By Cynthia E. Keen, staff writer
November 25, 2012

CHICAGO - An Australian research team has designed a compact radiotherapy (RT) system intended to lower the costs of building and operating a radiotherapy center. The goal is to reduce a known global shortage of radiotherapy, especially in countries with challenged economies.

The design was unveiled in a scientific session on Sunday morning, as the weeklong marathon of the RSNA annual meeting got under way. Paul Keall, PhD, professor of medical physics and director of the Radiation Physics Laboratory at University of Sydney Medical School, described the project. In addition to the University of Sydney, the 13 members of the team are affiliated with Prince of Wales Hospital, Liverpool Hospital, the University of New South Wales, the University of Newcastle, and the University of Wollongong.

Radiotherapy is underutilized around the world and varies widely among countries. Published peer-review literature has suggested that approximately 50% to 53% of all cancer patients should have radiotherapy included as part of their treatment regimen. The utilization range in developed countries is 20% to 55%. In countries with underdeveloped or developing economies, radiotherapy is provided to no more than 25% of cancer patients, and in some countries, it is not available at all.

Australia is in the middle of the range, with a utilization rate of 38% in 2009. It offers a ratio of one radiotherapy center for every 250,000 residents, which the International Atomic Energy Agency (IAEA) considers acceptable.

"However, there is a global shortfall of an estimated 10,000 radiotherapy machines," Keall said, citing the 2010 IAEA Programme of Action for Cancer Therapy (PACT) report. "Many countries cannot afford the complex radiotherapy equipment being sold, often at a cost of over $4 million. There is a need to reduce the cost of radiotherapy machines without compromising on technology."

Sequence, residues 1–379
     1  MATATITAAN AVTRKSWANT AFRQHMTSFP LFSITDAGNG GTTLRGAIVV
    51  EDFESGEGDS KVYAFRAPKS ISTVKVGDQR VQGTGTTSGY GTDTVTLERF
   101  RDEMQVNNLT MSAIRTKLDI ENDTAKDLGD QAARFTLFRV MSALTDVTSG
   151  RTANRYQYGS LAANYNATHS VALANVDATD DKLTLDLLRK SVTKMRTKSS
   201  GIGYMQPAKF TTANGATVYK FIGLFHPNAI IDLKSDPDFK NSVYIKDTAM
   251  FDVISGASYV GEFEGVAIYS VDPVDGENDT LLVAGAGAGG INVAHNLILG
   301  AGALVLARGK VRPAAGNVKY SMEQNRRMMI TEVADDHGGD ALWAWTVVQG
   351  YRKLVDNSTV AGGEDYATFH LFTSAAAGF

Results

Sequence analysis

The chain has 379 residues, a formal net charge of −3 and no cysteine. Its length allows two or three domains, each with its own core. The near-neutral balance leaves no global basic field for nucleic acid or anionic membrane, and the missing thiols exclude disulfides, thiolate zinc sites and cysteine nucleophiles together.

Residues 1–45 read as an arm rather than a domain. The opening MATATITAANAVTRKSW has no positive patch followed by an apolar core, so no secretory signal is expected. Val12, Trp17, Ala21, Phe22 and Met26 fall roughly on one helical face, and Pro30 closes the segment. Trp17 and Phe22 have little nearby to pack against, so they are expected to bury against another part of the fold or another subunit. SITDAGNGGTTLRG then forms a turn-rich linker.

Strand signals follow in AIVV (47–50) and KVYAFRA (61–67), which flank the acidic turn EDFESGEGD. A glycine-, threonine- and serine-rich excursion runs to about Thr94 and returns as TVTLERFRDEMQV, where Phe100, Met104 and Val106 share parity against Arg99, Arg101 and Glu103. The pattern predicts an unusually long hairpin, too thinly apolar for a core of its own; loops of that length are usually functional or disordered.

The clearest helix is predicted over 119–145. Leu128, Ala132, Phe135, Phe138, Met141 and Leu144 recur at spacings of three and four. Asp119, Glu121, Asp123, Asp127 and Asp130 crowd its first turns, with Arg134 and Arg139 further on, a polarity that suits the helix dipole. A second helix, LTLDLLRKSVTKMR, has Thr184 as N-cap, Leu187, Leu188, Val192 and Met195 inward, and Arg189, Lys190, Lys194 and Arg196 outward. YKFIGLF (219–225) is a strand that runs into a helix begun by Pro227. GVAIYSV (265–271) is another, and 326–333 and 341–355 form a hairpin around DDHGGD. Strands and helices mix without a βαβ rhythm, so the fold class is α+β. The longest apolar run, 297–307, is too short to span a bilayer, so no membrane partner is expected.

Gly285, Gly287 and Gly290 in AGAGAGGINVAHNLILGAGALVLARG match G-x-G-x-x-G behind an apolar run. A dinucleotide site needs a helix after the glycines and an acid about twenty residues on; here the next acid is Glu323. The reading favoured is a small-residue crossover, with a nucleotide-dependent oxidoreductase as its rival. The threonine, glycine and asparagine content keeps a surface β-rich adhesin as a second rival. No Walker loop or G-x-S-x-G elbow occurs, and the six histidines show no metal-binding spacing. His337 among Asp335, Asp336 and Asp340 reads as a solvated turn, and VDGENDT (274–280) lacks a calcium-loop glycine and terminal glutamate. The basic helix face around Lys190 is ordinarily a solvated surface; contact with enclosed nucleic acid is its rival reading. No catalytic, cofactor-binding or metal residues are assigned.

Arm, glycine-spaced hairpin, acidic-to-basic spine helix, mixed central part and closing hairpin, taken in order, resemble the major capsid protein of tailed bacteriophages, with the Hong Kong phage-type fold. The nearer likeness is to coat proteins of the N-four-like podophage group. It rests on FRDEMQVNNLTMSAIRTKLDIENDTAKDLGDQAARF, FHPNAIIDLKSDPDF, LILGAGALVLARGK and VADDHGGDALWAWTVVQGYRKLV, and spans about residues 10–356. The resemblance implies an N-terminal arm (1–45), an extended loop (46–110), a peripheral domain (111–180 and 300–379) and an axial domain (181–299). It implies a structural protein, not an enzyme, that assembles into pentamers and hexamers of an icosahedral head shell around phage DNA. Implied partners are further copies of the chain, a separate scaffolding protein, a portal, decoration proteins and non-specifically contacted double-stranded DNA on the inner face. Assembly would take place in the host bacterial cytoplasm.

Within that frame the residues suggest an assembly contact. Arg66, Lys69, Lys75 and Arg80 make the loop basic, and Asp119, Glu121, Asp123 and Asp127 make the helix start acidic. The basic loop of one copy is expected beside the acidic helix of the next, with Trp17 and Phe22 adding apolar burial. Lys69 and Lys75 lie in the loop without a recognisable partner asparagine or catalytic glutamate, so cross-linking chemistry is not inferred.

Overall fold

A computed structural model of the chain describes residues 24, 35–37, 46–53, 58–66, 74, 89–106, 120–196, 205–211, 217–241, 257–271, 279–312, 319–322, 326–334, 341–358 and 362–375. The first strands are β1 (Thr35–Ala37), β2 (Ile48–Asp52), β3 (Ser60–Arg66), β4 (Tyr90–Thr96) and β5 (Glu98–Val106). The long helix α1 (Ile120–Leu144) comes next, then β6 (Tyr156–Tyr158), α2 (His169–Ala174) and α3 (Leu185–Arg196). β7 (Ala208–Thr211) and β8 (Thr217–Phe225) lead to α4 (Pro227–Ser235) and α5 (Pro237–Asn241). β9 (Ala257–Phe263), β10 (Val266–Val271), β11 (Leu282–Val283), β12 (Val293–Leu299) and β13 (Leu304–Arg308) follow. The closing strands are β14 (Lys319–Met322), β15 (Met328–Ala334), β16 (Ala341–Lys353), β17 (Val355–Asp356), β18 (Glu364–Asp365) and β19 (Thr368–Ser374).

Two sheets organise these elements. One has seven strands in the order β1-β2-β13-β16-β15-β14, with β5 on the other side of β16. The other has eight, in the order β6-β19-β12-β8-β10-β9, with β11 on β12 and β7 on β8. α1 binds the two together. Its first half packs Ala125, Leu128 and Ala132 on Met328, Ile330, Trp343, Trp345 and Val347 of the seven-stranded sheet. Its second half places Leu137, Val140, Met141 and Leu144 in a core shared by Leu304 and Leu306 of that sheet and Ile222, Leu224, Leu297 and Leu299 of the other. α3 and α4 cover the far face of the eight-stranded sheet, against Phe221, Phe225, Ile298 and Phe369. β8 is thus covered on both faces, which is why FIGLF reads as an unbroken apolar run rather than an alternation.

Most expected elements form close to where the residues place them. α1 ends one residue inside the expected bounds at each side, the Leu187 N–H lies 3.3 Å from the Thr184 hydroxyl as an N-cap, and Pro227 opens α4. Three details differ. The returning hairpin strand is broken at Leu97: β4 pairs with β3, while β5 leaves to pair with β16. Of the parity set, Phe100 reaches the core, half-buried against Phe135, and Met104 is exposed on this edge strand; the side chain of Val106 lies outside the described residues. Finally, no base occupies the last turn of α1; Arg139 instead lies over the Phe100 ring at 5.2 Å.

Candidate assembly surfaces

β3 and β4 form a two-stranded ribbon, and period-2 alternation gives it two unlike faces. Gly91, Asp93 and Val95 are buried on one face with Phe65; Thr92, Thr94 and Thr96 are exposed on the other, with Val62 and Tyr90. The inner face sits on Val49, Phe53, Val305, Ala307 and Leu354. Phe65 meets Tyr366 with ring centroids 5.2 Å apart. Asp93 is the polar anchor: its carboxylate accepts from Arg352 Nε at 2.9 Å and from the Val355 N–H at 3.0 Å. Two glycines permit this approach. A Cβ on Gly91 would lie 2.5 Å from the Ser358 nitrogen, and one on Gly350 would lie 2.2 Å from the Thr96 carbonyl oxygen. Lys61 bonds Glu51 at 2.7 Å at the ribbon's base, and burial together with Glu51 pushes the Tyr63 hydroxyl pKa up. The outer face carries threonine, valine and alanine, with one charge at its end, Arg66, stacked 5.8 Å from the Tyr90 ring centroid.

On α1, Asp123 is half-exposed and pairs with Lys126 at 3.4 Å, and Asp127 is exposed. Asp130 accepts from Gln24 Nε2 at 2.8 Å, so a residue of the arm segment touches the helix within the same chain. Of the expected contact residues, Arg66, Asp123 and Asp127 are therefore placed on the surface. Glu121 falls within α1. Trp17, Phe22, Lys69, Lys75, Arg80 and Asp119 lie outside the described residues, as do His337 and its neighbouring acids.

The Nano-X system is being designed to meet this need. It utilizes engineering and space-efficient designs to potentially reduce not only the cost of the equipment, but also the overall system costs.

"We based the design of the Nano-X on three criteria," Keall said. "We knew we needed to take a minimal cost approach in the design parameters that we could control, such as its hardware engineering and the building size. We needed to design a system that would deliver the current standard of care in radiotherapy systems, including image-guided intensity-modulated radiotherapy and volumetric modulated arc therapy. And we wanted the Nano-X to be able to accommodate the future standard of care, such as having the ability to enable real-time adaptive radiotherapy."

To meet these criteria, the team calculated the building size and required shielding for a Nano-X system. The calculations were compared with comparable values for existing commercial linear accelerators that are compact in size.

The team designed a system that shares many components of a standard gantry-mounted linac system. A fixed linac eliminates the need for primary shielding for the walls and ceiling of the treatment room. The system's compact design requires less space and less building material. Everything is geared toward achieving economy without sacrificing treatment quality.

Keall explained that the minimum internal bunker space requirement is 3 m (L) x 3.7 m (W) x 3 m (H). By comparison, the space requirement for a conventional compact rotating gantry linac system is nearly double, at 6.7 m (L) x 6.1 m (W) x 3 m (H).

The concrete volume required for the construction of a bunker to house the Nano-X system is 80 m3, compared with 160 m3 for a conventional compact linac.

The team also considered a lower standard leakage factor for the linac head. By reducing this factor from 10-3 to 10-5, the bunker footprint could be reduced to 17 m2 and a concrete volume of 35 m3.

The challenge to the design team is the patient rotation system, which may cause discomfort or problems for patients who get vertigo or are susceptible to claustrophobia. The team is currently working on anatomic reproducibility with rotation, developing methods to account for changes, and developing procedures to quantify the level of patient acceptance for the patient rotation systems. After this work is finalized, the next step is to build a prototype.

"There is a great need to reduce global disparity among countries with respect to being able to offer radiotherapy treatment to their patients who have cancer," Keall said. "The Nano-X addresses the need to reduce the cost of radiotherapy treatment by building a cheaper and equally effective treatment system. "

"The Nano-X will utilize one-third to one-half less space and construction materials as current commercially available linacs," he said. "Additionally, as a result of our focus on simpler engineering, it will have fewer moving parts, resulting in being cheaper and operating with greater reliability."

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Last Updated np 12/5/2012 11:49:19 AM